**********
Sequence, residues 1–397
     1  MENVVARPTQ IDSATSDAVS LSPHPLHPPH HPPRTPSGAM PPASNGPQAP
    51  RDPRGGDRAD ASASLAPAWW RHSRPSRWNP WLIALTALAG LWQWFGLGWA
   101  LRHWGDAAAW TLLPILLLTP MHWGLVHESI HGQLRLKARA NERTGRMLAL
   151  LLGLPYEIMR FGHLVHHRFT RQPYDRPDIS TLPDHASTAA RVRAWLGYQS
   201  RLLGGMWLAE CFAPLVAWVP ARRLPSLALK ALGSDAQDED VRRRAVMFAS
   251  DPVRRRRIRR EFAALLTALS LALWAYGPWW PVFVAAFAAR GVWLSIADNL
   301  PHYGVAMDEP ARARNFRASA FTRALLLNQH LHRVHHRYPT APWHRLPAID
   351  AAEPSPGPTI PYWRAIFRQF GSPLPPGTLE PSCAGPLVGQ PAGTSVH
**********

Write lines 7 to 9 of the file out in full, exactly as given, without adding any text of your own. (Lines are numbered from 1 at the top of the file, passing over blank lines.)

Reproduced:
   251  DPVRRRRIRR EFAALLTALS LALWAYGPWW PVFVAAFAAR GVWLSIADNL
   301  PHYGVAMDEP ARARNFRASA FTRALLLNQH LHRVHHRYPT APWHRLPAID
   351  AAEPSPGPTI PYWRAIFRQF GSPLPPGTLE PSCAGPLVGQ PAGTSVH